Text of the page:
Tailhook Award Won't Replace Personal LossI wish to thank...


November 24, 1994

Tailhook Award Won't Replace Personal Loss

I wish to thank Thomas F. Allen of Severn for his Nov. 14 letter on the Tailhook controversy. I was finally able to find closure to several issues that have bothered me for years.

During the exposure of Tailhook and the investigations that were not investigations, I constantly wondered how could this have happened.

I was confused when I heard of the women who were raped and abused during the Persian Gulf war. It was difficult to look at the defenders of our country, whom we supported as heroes, and be shown this hidden harbor of harassment. It was difficult to balance.

During the trials against the Los Angeles Police Department for the beating of Rodney King, I began to get a glimmer of part of the problem.

Whenever I hear a racial slur or ethnic slander, it is reasonable to expect comments against women from the same mouthpiece.

Mr. Allen made it perfectly clear to me, in his letter that echoes the John Arnicks of this world, two Baltimore County judges and several high-ranking Maryland state troopers.

No matter how much legislation is passed to make it against the law to violate someone's civil rights, by denying them employment without being physically, racially or sexually harassed, it can never be stopped completely because stupidity is the greatest violator.

Mr. Allen wrote, "If you are going to talk the talk, then you have to walk the walk." This statement is in defense of the "boys" who were just having fun. By Mr. Allen's definition, a woman who enters the military, a police department or any other "male" domain is just asking for it. As he states, "What did she expect?"

I would imagine that she expected what every working American expected, to work in her chosen field in an environment that was safe in every way.

Mr. Allen touts political correctness being ahead of true justice. Paula Coughlin reported behavior that was against criminal and civil violations. Mr. Allen states, "Had she been raped, I would have a different opinion." This is haunting because it echoes the sentiments of many men in positions of authority and accountability . . .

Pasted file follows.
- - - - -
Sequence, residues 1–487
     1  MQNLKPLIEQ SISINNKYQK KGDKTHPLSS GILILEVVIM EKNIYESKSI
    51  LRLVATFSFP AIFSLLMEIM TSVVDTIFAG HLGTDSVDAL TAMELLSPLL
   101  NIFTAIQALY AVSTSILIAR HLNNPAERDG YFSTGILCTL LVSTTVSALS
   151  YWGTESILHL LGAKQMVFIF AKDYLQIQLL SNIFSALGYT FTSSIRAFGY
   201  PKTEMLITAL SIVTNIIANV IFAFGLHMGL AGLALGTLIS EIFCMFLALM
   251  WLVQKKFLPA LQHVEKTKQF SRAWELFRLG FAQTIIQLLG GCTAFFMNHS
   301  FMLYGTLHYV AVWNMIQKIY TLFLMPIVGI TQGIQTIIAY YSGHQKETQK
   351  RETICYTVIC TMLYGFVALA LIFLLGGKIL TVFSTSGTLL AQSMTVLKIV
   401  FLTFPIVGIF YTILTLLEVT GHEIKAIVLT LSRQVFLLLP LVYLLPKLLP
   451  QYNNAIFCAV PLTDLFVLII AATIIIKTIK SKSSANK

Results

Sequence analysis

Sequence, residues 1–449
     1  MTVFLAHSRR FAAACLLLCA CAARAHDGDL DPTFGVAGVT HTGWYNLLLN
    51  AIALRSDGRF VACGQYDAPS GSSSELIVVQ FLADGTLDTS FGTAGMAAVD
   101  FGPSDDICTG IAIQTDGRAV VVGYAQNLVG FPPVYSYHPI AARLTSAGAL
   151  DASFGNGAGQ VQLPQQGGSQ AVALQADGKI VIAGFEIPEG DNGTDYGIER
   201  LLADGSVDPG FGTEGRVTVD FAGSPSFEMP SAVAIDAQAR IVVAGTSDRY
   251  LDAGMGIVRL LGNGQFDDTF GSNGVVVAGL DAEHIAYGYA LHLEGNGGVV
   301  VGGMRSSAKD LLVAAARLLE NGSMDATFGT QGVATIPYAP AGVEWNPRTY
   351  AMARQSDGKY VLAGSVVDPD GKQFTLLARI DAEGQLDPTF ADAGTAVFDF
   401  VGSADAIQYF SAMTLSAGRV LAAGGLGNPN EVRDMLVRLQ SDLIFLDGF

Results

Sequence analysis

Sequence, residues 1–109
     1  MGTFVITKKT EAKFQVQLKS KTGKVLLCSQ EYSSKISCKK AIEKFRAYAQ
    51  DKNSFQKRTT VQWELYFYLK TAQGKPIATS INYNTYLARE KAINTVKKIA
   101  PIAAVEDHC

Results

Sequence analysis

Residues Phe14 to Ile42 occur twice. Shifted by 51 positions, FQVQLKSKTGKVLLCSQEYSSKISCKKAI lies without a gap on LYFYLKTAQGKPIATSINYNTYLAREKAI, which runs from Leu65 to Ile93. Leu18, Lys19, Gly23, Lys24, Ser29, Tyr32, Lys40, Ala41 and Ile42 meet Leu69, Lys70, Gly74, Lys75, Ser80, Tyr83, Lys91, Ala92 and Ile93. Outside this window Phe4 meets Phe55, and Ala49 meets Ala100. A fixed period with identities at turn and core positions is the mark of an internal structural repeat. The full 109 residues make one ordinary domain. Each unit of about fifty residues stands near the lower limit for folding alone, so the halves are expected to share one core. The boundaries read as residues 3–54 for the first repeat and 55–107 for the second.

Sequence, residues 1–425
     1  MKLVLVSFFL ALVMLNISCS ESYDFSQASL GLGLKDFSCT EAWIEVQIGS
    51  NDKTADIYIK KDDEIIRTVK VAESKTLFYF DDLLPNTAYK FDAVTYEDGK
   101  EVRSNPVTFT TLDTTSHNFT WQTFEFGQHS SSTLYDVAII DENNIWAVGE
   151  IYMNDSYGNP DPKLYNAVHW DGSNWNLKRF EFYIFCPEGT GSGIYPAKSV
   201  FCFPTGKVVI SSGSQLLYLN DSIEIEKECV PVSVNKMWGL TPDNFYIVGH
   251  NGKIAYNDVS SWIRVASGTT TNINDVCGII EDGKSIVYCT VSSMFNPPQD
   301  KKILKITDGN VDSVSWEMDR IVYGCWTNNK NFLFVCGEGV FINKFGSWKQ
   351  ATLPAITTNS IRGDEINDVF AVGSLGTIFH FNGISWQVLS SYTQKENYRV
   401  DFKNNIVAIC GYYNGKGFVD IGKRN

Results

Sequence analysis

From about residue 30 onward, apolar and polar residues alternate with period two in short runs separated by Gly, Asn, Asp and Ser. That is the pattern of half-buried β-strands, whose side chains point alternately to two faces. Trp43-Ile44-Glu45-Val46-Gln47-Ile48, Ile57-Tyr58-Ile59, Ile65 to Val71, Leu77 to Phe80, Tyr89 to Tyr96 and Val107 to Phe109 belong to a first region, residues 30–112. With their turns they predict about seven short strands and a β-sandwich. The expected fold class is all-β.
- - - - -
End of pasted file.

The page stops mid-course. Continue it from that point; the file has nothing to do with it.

When Lieutenant Coughlin complained to her supervisors of being battered and of other women having their clothes torn off, a cover-up occurred.

The real issues were not brought forth until a Senate investigation was initiated. In Maryland, it appears we have a similar cover-up by the attorney general's office for the Maryland State Police, who again seem to feel it is better to hide the facts than punish the abusers (The Sun, Oct. 9) . . .

I am always outraged at those who feel that a favorable lawsuit is like winning the lottery. A lawsuit is a long and arduous process and there is usually little financial gain. Any financial award generally could not replace what has been lost.

The Sun reported, concerning one of the state troopers who had been abused, that all she had ever wanted was an apology and the assurance that it would not happen again.

How sad that stupidity replaces what most should have learned as a child, to have consideration for others and to apologize for mistakes and mean it.

aula Toungston

Bel Air

Simplistic Solution

Usually I find your editorials thoughtful, thorough and often educational. "Power Rangers or Public Enemies" (Oct. 22) was none of the above.

As a mother of three, I resent your patronizing advice that, in an age of media violence and children killing children, I "spend time with [my] children. Talk to them. Hug them. Read them books."

Any loving and conscientious parent knows and does those things. Do you think anyone read those words and said, "Oh! Is that what I meant to do? I never thought of that"?

You state that "complexities" (not, you argue, simply Power Rangers or toy guns) "lead a youngster to seriously harm or kill another." But then you go on to prescribe a simplistic solution. "A healthy and active upbringing" will, you assure me, "neutralize" the negative influences of television and accompanying corruptive influences.

I wish that instead of providing this trite (and, to me, condescending) answer, you had taken on the more difficult task of exploring those "complexities" you first mentioned.

Our three children watch neither TV nor videos, period. Nonetheless, the older two (ages 3 1/2 and 5) know who and what the Power Rangers are, and they have attempted a deathly kung-fu move or two in imitation.

They also know full-well who Barney is, the Ninja Turtles and every single Sesame Street character. Television and advertisers have a frightening capacity to penetrate the minds and psyches even of those who never turn on the box.

I am reminded of cigarette smoke which, we have learned, penetrates and destroys even those who never take a puff.

As I watch various legislatures develop no-smoking laws, I am inclined to question your blanket statement that "a free society will never be able to exclude the potential influences (or characters like Power Rangers and Beavis and Butt-head) from a child's world."

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